I'm an avid member of a local Toastmasters club. I love public speaking, both as a speaker, and as an audience member. But one of the many great things my years in Toastmasters has taught me is the value of keeping speeches as short as possible.
There a few situations in which long talks are necessary.
University professors have to cover a subject thoroughly, and the students have textbooks and other supplementary materials at their disposal so that they are not required to retain everything said in the lecture.
Participants at a workshop or continuing education session expect to get a lot of information for the fee they have paid.
But most speeches should be much shorter than the hour or more that lectures and workshops often require. In my own experience watching the audiences when I've listened to a variety of speakers, the average speaker can hold an audience's attention for about five minutes, and a spectacular speaker for 10-15 minutes. After that, eyes wander, a few people begin whispered conversations to their neighbors, and a few other people begin taking restroom breaks.
Consequently, if I'm asked to speak, and I'm given a half hour speaking slot, I prepare a seven or eight minute speech. I then take questions from the audience. If too few people ask questions, I first attempt to engage the audience in direct conversation by asking them a few questions I've prepared in advance. I then give a very short wrap up, also prepared in advance, and leave the podium early if necessary.
I have been thinking about the length of speeches lately for several reasons. Roy Peter Clark, journalist and teacher, recently wrote an article on the journalism website Poynter entitled 3 big lies that public speakers tell and why journalists should care.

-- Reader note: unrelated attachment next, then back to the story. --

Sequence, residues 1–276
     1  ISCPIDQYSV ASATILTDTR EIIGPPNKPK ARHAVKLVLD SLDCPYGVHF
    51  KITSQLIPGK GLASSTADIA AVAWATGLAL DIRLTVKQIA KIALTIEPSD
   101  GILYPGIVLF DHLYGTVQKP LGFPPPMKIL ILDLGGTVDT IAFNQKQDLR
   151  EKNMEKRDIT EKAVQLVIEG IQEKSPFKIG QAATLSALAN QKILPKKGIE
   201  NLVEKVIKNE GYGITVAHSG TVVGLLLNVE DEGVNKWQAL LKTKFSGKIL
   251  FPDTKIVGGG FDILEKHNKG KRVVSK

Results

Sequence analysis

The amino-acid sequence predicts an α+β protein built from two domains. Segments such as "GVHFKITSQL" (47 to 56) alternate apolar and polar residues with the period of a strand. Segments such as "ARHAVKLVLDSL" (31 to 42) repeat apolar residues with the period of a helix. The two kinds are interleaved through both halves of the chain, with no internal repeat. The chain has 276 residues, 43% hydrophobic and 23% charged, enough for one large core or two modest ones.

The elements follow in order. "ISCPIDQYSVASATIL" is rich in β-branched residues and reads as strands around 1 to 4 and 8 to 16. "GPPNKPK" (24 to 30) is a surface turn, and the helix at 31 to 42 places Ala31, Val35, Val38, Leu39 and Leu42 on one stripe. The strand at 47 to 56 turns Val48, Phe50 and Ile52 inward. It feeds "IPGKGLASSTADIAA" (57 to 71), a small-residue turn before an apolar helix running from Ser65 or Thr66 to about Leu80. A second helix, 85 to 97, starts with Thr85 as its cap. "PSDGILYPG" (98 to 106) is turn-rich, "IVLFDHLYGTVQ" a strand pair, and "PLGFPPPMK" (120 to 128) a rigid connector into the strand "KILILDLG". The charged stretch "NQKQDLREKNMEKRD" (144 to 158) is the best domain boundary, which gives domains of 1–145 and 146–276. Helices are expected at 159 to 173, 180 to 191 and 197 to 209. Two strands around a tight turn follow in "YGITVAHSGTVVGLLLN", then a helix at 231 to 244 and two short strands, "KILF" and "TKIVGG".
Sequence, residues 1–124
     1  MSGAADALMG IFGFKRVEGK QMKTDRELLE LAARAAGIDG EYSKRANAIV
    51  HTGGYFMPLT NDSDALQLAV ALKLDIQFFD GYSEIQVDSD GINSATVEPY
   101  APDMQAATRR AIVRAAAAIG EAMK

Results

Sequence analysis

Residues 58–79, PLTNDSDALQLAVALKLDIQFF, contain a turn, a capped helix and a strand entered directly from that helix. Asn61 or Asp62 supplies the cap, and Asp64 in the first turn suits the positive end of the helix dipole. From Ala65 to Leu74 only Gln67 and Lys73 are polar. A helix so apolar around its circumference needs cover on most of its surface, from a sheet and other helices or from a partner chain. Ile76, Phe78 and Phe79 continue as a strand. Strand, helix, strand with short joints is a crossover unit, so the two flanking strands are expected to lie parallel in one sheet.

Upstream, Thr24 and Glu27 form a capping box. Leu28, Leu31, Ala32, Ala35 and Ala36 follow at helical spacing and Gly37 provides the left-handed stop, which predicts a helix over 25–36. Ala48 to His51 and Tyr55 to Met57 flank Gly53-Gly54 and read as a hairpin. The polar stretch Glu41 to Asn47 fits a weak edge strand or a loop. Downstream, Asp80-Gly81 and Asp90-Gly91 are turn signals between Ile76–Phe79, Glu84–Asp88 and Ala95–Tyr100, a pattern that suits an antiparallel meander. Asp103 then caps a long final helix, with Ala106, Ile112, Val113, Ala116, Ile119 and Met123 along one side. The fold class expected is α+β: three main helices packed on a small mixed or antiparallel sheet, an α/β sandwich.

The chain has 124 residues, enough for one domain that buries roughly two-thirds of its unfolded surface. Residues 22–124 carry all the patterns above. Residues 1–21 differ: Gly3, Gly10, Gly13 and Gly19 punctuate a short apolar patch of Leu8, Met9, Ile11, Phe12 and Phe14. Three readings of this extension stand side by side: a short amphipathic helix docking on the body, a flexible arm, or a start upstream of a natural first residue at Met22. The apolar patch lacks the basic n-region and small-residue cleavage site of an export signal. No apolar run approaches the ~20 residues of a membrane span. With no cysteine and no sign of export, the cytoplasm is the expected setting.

The three lies he addresses are
- "You can interrupt me at any time"
- "I want this to be a conversation"
- "There will be plenty of time at the end for questions"
It's a good article, and if you are interested in techniques of public speaking and engaging an audience, you should read it.
A second reason I've been focused on brevity in speaking is that I am an advocate of brevity in writing. Speaking is different than writing in a number of different ways, but one thing they share is a need to hold the attention of the reader or audience for the entire length of the work, and to convey the maximum amount of information and impact using the fewest number of words.
As an exercise I often go back over blog posts I wrote years ago, and do a rewrite that shortens the work without losing the information or meaning of the original. In nearly all cases the edited version is better than the original. Speaking is similar. Speaking for the sake of filling the time slot is always a bad idea.
Decide what information you want to give the audience, and what you want the emotional impact to be, and write a speech that accomplishes your goals in the shortest amount of time.
Your audiences will thank you.